Stand Back! I’m Going to Try Science!

Mentos and Diet Cola

The following is an experiment that demonstrates scientific concepts, that can be conducted in the back yard, kitchen, or classroom, and that is a lot of fun for learners of all ages.

Concept:

This experiment will demonstrate a type of chemical reaction called nucleation.  This is a great demonstration for a chemistry class, but is also so much fun that even if you don’t study chemistry, it is worth trying.

For This Experiment You Will Need:

Two-liter bottle of diet cola

Mentos candy (it works the best and is the fresh-maker!)

A test-tube

A small piece of card-stock

An outdoor area

A towel (most likely)

Directions:

  1. Load the Mentos into the test-tube.
  2. Open the diet cola bottle.
  3. Place the card on the opening of the test-tube.
  4. Turn the card and test-tube upside-down so that the candies are resting on the card.
  5. Place the card over the opening of the diet cola bottle.
  6. Remove the card and allow the candies to fall into the diet cola.
  7. Stand back and be amazed by the awesome power of chemistry!
  8. If you didn’t stand far enough back while being amazed, use the towel to dry off.

Here is a video of some surprised TV presenters trying the experiment.

Safety Tip: don’t leave the cap on the diet cola.  It is our understanding that the bottle will detonate with equivalent force of 1000 tons of TNT.  Or maybe it will just spray everywhere and take the fun out of it.

He left the cap on.

What Did We Observe?

Short Answer: Bubble-splosion!

Pictured: One Bubble-splosion

Slightly Longer Answer: Nucleation (causing a visible bubble-splosion)

Scientific Answer: While it appears smooth, on a microscopic scale, the surface of the candy is actually quite rough and covered in tiny nooks and crannies.

I don’t know which is a nook and which a cranny.
(Image courtesy of newscientist.com)

This rough surface provides an ideal place for the carbon dioxide molecules in the cola to rapidly convert into gas.  As the candy sinks, and more bubbles are produced and forced to the surface, the pressure will build and cause the bubbly fluid to shoot out of the top of bottle.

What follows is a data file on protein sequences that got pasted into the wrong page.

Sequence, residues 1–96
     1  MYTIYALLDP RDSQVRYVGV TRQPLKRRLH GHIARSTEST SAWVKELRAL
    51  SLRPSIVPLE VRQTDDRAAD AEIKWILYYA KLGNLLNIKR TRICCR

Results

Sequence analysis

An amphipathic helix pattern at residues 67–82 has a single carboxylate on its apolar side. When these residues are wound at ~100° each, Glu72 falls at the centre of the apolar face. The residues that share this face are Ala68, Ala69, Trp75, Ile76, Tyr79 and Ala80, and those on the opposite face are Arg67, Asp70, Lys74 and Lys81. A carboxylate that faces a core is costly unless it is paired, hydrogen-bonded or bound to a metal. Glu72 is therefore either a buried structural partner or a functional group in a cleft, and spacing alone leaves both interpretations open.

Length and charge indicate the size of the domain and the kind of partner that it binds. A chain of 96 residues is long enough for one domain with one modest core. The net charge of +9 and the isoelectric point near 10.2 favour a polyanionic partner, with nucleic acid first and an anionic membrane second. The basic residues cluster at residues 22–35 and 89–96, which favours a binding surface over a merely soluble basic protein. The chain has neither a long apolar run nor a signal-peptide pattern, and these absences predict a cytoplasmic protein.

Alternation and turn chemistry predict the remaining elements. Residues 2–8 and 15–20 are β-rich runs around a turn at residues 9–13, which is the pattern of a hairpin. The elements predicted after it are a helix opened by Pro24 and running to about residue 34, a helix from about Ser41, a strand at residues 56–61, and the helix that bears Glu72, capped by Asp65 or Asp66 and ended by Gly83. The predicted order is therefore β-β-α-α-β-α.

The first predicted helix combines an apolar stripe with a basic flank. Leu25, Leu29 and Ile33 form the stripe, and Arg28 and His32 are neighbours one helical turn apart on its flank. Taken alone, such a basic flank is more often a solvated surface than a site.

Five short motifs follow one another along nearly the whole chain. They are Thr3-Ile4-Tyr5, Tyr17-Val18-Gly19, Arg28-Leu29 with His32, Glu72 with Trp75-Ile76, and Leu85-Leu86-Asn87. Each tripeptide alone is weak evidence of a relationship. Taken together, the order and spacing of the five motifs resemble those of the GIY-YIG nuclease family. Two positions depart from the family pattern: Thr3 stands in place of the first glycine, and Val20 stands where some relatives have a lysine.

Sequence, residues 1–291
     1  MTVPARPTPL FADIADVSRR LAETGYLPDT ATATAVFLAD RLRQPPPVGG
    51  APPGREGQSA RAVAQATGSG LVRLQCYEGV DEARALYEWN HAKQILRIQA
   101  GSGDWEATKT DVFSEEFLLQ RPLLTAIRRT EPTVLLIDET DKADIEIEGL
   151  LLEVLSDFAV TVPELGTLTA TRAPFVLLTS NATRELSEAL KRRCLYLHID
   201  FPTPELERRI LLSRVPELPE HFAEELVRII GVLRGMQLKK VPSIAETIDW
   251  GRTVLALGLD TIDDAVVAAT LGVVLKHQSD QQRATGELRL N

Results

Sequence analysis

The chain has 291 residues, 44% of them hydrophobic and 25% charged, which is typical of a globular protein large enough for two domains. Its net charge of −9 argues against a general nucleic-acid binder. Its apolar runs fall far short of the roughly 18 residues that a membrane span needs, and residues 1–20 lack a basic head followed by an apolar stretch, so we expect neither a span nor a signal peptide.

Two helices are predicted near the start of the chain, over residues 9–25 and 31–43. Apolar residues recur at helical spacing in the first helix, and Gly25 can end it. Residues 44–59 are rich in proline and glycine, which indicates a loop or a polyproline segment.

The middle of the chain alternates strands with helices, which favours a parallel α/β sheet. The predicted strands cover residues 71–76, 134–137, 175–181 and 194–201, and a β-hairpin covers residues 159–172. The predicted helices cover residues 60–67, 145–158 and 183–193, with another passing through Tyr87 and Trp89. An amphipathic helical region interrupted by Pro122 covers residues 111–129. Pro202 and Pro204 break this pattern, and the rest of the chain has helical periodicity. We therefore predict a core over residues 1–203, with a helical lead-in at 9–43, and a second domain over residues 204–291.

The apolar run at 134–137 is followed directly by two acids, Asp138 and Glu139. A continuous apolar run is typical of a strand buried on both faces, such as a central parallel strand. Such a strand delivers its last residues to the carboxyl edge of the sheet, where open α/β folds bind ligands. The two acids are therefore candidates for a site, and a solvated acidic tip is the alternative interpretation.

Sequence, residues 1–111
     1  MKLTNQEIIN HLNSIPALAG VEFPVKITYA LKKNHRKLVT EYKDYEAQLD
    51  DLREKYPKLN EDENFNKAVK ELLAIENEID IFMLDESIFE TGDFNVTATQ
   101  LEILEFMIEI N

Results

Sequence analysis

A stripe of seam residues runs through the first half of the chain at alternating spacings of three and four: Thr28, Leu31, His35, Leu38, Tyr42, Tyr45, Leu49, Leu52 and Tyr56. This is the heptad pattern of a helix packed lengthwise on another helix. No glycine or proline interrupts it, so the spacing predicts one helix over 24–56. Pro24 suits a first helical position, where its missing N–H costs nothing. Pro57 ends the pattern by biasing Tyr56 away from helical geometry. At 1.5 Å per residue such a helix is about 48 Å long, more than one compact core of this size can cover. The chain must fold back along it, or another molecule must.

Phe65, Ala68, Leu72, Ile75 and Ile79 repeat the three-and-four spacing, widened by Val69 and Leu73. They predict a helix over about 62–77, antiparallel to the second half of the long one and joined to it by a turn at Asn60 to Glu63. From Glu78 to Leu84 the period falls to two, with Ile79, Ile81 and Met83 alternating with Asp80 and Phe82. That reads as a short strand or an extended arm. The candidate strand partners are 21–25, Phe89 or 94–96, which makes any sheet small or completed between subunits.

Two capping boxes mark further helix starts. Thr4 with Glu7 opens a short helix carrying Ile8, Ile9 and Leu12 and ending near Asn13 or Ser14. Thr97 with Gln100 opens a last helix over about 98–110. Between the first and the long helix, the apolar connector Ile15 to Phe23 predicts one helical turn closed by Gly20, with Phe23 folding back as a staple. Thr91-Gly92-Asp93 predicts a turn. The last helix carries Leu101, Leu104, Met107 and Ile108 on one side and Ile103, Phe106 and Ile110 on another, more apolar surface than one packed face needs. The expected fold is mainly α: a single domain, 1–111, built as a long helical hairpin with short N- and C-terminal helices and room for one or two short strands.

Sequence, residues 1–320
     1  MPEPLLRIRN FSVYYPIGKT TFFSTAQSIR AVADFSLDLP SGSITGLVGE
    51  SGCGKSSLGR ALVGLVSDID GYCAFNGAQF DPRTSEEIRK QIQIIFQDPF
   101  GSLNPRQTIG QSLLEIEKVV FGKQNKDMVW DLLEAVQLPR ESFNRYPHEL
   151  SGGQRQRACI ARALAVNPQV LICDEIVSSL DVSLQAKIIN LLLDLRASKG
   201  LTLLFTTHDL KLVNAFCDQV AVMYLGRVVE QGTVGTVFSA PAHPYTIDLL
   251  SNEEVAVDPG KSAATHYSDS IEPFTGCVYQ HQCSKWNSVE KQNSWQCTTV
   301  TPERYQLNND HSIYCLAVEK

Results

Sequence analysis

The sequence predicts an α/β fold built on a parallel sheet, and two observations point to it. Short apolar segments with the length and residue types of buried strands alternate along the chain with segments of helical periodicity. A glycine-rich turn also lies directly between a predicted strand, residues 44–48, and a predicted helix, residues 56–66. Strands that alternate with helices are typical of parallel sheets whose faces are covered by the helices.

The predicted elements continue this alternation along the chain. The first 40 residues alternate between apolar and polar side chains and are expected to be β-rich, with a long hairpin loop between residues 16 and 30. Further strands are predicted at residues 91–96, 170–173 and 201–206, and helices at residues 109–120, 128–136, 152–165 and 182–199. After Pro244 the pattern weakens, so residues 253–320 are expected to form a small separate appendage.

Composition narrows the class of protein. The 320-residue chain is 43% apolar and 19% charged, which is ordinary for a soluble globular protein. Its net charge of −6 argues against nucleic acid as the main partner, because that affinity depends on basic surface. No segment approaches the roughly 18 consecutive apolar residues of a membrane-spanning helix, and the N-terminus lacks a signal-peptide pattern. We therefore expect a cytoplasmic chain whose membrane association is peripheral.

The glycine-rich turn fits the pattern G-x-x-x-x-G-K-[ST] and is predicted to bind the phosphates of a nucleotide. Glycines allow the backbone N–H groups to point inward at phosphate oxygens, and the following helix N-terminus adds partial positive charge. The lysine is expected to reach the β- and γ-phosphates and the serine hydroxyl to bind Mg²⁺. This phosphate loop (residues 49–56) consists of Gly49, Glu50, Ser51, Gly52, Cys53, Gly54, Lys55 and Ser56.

Here at Enable, we love two things: Science and moustaches.  This is why we have such a warm spot in our hearts for the Mythbusters.  A few years ago, they decided to get to the bottom of the science behind diet cola and Mentos, and here is what they found (click here if the video doesn’t appear below):

A quick Google search and you will find that there are thousands of videos of people trying variations of this experiment, and taking this to its logical conclusion.

Conclusions:

  1. The rough surface of the Mentos candies makes it perfect for nucleation of the carbon dioxide in the cola, causing the aforementioned bubble-splosion (if I keep saying it, eventually it will be a recognised word)
  2. If you sit in paint before a big meeting, try and make the paint look like pinstripes.  You’ll be sure to impress your boss and earn the respectful salute of the incompetent handyman who neglected to put up a sign warning you of the wet paint.
This guy has it all figured out.

 3. Enable Education ♥ the Mythbusters, and hope that someday they ♥ us right back.

So, there you have it: a fun experiment that you can do at home or school.  Give it a try, get messy, learn something, and have some fun.

If you liked this adventure, check back with us next week when we will be presenting more ideas for easy to do science experiments.

Andrew Baxter is a Secondary School Teacher and Curriculum Specialist with Enable Education.  He has no formal education in chemistry, but drinks a lot of diet cola, and therefore should be considered an expert. 


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